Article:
So the words of the prophet here are telling us that the most important quality in a leader is being willing to sacrifice self-interest. There are lots of other things that the Ezekiel text tells us should be done by a good shepherd: strengthening the weak, healing the sick, binding up the injured, searching for the lost and rescuing them from all the places they have been scattered, as well as gathering, pasturing, and tending. But of course, the main thrust is that when a shepherd tends to their own self-interest first, they cannot actually do any of the other things in an effective way.
What we have seen the political realm is a President not willing to sacrifice self-interest. We have seen him lying about the election results in order to preserve his own ego and further his own benefit. We have seen members of congress choose to perpetuate those same lies in order to bolster their own political prospects. The culmination of this prioritization of self-interest, was an insurrection against the people’s house, and the endangerment of the people’s representatives. It was an affront to the social contract that makes democracy possible, and it was deeply deeply self-centered. It was exactly the kind of thing that the prophet Ezekiel decried.
Swedenborg wrote about leadership several decades before the American experiment would give the world its brand of (imperfect but hopeful) representative democracy. So when he talks about leadership, he refers to priests, magistrates and kings. But the principles remain the same then as now. We heard in our reading about how a king who considers the law above him, and not himself above the law, is a wise king. He writes as well:
The law which is justice ought to be passed by the wise and God-fearing lawyers of the kingdom, and therefore both the king and his subjects ought to live in accordance with it. A king who lives in accordance with a law that has been passed, and in this sets his subjects an example, is truly king.(1)
The true nature of kingship, of just and good leadership, in parallel to the true nature of good shepherding, is ultimately self-sacrifice, a surrender to the greater good. Real leadership is actually servant leadership.
And we see that Jesus would extend and employ the shepherd metaphor during his ministry, as well. He spoke of the joy in finding lost sheep (Luke 15), he spoke a shepherd separating sheep and goats as a way to describe how important it is to take care of the suffering among us (Matt 25), he spoke of the “good shepherd” as a way to express protection and intimacy and inclusion (John 10). The gospel of Mark speaks of Jesus having compassion on us, as shepherd would have for scattered sheep. (Mark 6)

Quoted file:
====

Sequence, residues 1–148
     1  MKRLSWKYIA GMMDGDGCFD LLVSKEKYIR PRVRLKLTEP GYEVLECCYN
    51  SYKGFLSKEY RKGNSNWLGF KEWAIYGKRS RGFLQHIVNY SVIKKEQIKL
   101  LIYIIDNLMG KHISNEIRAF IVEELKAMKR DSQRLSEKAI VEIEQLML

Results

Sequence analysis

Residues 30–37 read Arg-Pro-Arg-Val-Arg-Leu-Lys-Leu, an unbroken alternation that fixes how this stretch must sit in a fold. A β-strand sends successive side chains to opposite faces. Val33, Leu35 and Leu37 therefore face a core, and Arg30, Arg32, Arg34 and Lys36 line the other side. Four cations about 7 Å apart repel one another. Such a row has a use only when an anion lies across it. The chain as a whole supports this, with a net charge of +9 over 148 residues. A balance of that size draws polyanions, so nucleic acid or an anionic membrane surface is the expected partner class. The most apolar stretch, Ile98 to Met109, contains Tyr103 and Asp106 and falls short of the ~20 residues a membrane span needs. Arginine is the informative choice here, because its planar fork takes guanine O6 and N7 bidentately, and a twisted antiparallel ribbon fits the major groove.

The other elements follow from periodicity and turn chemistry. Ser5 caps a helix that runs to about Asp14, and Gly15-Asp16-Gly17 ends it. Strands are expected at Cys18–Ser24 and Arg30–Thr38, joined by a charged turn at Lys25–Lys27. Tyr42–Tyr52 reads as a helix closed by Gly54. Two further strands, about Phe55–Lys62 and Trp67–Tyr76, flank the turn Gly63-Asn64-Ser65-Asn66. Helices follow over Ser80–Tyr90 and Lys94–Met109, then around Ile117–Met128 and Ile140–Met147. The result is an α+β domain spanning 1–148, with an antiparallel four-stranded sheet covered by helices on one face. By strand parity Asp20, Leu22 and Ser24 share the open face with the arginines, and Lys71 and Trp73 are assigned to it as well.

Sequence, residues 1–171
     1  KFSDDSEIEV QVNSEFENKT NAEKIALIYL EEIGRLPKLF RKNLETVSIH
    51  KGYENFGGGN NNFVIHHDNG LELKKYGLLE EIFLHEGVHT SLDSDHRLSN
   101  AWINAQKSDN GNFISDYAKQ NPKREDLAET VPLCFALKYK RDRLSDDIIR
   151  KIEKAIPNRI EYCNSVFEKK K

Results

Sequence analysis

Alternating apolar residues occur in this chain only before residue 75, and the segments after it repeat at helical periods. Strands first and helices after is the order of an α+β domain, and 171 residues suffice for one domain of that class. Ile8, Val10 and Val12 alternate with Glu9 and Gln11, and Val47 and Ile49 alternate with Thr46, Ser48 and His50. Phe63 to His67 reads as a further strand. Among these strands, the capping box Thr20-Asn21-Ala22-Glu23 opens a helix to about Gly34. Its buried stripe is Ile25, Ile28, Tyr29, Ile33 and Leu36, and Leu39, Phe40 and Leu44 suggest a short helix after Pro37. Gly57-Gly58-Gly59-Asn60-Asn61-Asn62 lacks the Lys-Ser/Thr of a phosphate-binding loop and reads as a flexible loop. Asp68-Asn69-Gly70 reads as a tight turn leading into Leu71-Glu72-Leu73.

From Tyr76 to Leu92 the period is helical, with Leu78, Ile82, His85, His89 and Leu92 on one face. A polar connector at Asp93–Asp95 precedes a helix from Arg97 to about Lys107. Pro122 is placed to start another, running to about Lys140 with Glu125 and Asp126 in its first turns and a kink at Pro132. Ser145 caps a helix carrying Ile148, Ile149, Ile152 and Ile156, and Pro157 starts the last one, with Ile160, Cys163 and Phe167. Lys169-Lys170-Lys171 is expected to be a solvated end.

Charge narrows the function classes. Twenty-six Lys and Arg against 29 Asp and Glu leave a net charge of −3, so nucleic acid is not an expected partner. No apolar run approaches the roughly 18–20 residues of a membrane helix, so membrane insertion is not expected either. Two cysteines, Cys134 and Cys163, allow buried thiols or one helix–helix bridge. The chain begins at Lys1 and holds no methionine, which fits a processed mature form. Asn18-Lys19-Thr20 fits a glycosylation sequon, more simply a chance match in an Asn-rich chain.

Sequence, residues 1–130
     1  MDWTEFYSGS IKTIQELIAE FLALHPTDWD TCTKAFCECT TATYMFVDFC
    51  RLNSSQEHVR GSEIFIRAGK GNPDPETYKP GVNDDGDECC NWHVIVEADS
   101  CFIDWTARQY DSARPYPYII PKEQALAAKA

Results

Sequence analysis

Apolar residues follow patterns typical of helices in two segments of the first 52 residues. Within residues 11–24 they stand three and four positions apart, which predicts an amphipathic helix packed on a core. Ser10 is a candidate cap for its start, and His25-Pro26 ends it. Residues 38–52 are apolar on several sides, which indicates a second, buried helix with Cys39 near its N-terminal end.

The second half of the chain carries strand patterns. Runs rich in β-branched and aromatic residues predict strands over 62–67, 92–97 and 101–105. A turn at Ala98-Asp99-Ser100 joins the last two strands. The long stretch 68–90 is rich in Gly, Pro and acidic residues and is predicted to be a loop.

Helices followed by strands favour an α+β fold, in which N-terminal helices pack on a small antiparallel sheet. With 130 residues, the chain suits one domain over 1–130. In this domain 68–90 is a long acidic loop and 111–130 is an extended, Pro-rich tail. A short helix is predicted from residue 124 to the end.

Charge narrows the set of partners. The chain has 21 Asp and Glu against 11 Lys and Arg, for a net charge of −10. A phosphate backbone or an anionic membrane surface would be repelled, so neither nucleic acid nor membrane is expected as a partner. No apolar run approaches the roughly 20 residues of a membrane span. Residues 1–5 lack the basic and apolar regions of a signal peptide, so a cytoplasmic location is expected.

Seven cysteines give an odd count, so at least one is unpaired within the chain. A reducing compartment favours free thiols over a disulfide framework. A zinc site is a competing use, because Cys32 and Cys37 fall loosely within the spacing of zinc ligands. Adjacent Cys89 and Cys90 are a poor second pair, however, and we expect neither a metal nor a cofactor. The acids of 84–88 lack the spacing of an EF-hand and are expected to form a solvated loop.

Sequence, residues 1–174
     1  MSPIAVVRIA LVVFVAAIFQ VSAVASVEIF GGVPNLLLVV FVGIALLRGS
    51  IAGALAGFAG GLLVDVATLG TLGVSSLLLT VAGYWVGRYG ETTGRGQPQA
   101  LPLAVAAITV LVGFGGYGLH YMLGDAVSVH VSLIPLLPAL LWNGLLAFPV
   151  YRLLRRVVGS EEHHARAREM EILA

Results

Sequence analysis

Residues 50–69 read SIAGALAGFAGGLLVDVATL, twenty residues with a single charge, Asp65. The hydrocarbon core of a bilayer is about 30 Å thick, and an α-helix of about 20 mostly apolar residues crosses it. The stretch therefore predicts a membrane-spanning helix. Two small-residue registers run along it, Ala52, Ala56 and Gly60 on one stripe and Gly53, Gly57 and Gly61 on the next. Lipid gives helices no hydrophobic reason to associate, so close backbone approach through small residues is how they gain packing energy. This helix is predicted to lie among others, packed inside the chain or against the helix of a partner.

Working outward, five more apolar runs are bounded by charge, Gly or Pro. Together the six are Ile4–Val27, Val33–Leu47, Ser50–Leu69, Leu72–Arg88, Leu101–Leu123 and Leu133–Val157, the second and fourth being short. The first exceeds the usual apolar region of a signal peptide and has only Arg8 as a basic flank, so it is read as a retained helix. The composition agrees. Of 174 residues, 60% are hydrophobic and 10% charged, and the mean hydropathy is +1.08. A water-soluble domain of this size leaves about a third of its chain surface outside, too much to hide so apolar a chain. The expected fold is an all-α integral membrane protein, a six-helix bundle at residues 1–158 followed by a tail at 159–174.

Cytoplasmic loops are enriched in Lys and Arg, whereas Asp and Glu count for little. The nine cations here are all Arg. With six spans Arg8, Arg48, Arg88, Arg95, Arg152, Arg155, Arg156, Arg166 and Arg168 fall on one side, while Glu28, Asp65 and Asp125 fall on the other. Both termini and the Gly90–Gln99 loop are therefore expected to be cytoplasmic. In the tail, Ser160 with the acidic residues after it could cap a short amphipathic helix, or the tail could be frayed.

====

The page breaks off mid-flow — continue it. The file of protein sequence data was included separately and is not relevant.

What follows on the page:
Jesus would embody the good shepherd, just as God has always done. What did this look like? Interestingly, not necessarily about being “nice.” Servant leadership is not simply about always being polite or well-mannered. Jesus spoke the truth when it needed to be spoken, and he did so clearly. But all his ministry, he did for others and not for himself. He allowed his desire to love and serve others lead him, instead of a desire to be famous or idolized or powerful or even safe. In the end, his love for others led him to do something he would have done anything to avoid. He prayed: “Father if you are willing, take this cup from me; yet not my will but yours be done.” (Luke 22:42)
The sacrifice of self-interest often feels very painful to the ego, and to our sense of self-identity. We all know it is hard. But it is an essential part of the agreement that comes with taking on political leadership, it is an essential part of the social contract in which we confer upon our representatives the power to act on our behalf. It can be tricky work representing any vast and disagreeing constituency, that much is sure. Faults in judgment will necessarily come from all positions on the political spectrum, for leaders will above all, always be human beings. The best of us will never be able to prevent that completely. But each of our leaders, and each of us, are indeed in control of our intent. We are in control of our guiding motivations. And we must not allow clear and corrupt motivations to stand.
Jesus said “I am the good shepherd. The good shepherd lays down his life for the sheep.” (John 10:11)
(1) Emmanuel Swedenborg, The New Jerusalem and its Heavenly Doctrine #323.